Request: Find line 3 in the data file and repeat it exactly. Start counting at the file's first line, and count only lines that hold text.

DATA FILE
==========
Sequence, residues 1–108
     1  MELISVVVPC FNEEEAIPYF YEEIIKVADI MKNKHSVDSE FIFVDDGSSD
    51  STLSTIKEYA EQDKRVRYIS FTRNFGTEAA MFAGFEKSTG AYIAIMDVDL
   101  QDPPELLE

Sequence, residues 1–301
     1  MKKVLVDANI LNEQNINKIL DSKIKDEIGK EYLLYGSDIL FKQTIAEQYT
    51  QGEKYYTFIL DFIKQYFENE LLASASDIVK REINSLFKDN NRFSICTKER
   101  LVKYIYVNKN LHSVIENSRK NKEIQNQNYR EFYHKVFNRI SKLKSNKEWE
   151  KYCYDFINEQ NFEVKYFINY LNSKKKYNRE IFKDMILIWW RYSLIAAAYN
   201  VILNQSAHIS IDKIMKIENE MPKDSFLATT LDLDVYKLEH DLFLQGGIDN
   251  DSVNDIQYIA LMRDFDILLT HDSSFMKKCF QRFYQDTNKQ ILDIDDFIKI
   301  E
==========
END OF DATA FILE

    51  STLSTIKEYA EQDKRVRYIS FTRNFGTEAA MFAGFEKSTG AYIAIMDVDL